Originally published 14/09/20-------------------------------------​​​​​​​
It's 5:30 AM in the paediatric emergency department of a Washington Metropolitan Area hospital. All is quiet. No patients are being seen. A mother pushes her stroller into the waiting room. Her infant son sits with his eyes closed and his body rigid. In broken English, the mother says he’s been like this for over an hour. The nurse moves to check him. His heartbeat is uneven and his respiration ragged. The realisation hits. The child is having a seizure.
The nurse grabs the child and bolts, yelling loudly ‘I need a doctor!’ Time stands still as the medical team swarms, checking vitals and preparing the equipment. The baby needs an IV access, but they struggle to find the vein. They find it. Next they need blood, to know whether or not they should administer antibiotics. Again, they struggle. Children’s veins are notoriously tricky to find; let alone on a seizing patient.
The baby’s core temperature spikes at around 107.8 degrees (42 Celsius). They insert ice water into the baby’s G-tube –a leftover entry point into the digestive tract from the child’s pre-existing medical issues. It’s not enough. They need more. The IV cart – which only moments ago was fully stocked– now runs desperately short. They dash to grab ice packs. 
The baby isn’t getting enough air; a non-rebreather mask is placed over its mouth. Tensions rise. Oxygen circulates throughout the densely crowded room. Whatever pathogens the child may carry have become airborne. Thoughts of Covid-19 flash into the minds of the medical staff, who have not had a chance to prepare any protection for themselves. But they brush off the thought. The child’s life comes first, and nobody dares step out of the room. It takes the team over an hour and a half to stabilise the child but in the end, the battle is won.
Annika, a 26-year-old American-Latina clinical technician, steps out of the ER and breathes a sigh of relief. Annika has been working in the hospital for over a year. Known in most hospitals as CNAs, clinical technicians work alongside nurses and doctors on the front lines of the health sector. They were among the key work force in the Covid-19 health crisis, which swept across the United States to devastating effect in early 2020.
When the virus hit hard, she and other staff members were needed in the overburdened adult trauma centre, where new cases of Covid-19 were appearing daily. They were cross-trained and sent into the danger zone with a questionable stock of protective gear. Annika says she feels fortunate to have been working in a larger hospital throughout the crisis, as she believes they were better able to cope with greater support for staff and patients. Unlike smaller hospitals, Annika and her colleagues were entitled to the Emergency Time Off fund (ETO) which allowed staff who caught the virus to take paid time off from work.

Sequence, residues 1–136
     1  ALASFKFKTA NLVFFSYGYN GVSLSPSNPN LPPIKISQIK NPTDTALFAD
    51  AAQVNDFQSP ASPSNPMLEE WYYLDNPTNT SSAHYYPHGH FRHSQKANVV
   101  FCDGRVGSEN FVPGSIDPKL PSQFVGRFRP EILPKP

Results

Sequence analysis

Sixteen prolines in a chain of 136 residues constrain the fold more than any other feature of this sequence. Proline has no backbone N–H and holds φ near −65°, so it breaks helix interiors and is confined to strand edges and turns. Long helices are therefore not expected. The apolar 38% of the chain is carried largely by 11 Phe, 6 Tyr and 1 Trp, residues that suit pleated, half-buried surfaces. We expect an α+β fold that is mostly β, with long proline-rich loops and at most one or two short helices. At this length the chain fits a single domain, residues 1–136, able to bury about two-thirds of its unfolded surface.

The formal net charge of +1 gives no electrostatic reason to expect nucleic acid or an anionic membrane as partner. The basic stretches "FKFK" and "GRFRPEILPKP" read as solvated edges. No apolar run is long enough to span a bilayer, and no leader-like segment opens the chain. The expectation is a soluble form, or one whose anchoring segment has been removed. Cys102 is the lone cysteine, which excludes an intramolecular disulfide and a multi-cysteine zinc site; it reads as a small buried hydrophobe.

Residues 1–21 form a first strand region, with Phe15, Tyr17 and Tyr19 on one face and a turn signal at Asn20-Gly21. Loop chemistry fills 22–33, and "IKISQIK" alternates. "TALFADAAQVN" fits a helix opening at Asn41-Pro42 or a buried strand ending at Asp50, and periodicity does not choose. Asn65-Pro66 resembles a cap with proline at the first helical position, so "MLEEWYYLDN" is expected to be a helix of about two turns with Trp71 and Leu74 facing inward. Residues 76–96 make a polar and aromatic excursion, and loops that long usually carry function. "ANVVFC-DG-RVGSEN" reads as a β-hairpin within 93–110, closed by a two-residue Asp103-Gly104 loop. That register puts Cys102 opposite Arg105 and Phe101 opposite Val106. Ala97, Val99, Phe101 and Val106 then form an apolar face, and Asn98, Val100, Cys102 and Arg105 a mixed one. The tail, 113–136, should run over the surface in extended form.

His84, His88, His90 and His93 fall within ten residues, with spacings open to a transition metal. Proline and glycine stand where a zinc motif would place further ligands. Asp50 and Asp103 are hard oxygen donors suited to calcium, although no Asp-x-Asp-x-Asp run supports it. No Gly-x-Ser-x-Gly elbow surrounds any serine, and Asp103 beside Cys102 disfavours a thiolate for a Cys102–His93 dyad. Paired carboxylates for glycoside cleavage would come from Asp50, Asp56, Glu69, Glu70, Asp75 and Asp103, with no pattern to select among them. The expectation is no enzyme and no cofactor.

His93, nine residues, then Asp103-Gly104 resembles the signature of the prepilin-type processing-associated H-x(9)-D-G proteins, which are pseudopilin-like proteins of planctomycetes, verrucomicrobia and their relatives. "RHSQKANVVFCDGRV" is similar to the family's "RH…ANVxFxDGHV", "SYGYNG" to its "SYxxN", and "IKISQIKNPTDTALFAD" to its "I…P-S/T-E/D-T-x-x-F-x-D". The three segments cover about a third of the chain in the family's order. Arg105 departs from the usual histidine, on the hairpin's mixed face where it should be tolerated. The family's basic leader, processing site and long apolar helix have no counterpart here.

But Annika still struggled. The nature of the medical system in the US is horrifically unsuited to the demand placed on it by the effects of the virus. The costs of medical advice and assistance are so extortionate that people are either afraid to seek it or go into crippling debt to try and afford it. With single ambulance rides starting at $1000, and helicopters upwards of $10K, many patients are at a loss. Without insurance this can be a death sentence of its own. When patients explain to medical staff that they do not have insurance, the hospital may come up with a range of alternative payment options or help the patient access government resources that can help pay the bill. But with this, Annika indicates she has observed a certain level of willful separation between the medical staff and the financial side of patients’ care, possibly in an attempt to avoid potential ‘humanitarian conflict’.
Annika may be one voice among many, but hers is the voice of a soldier in the field of a new kind of war. She provides a much-needed reality check that is often lacking from the dicta of politicians, scientists, and leaders. And when you get sick one day, will it be them in that room with you by your side risking their own life for yours?
Or will it be her?
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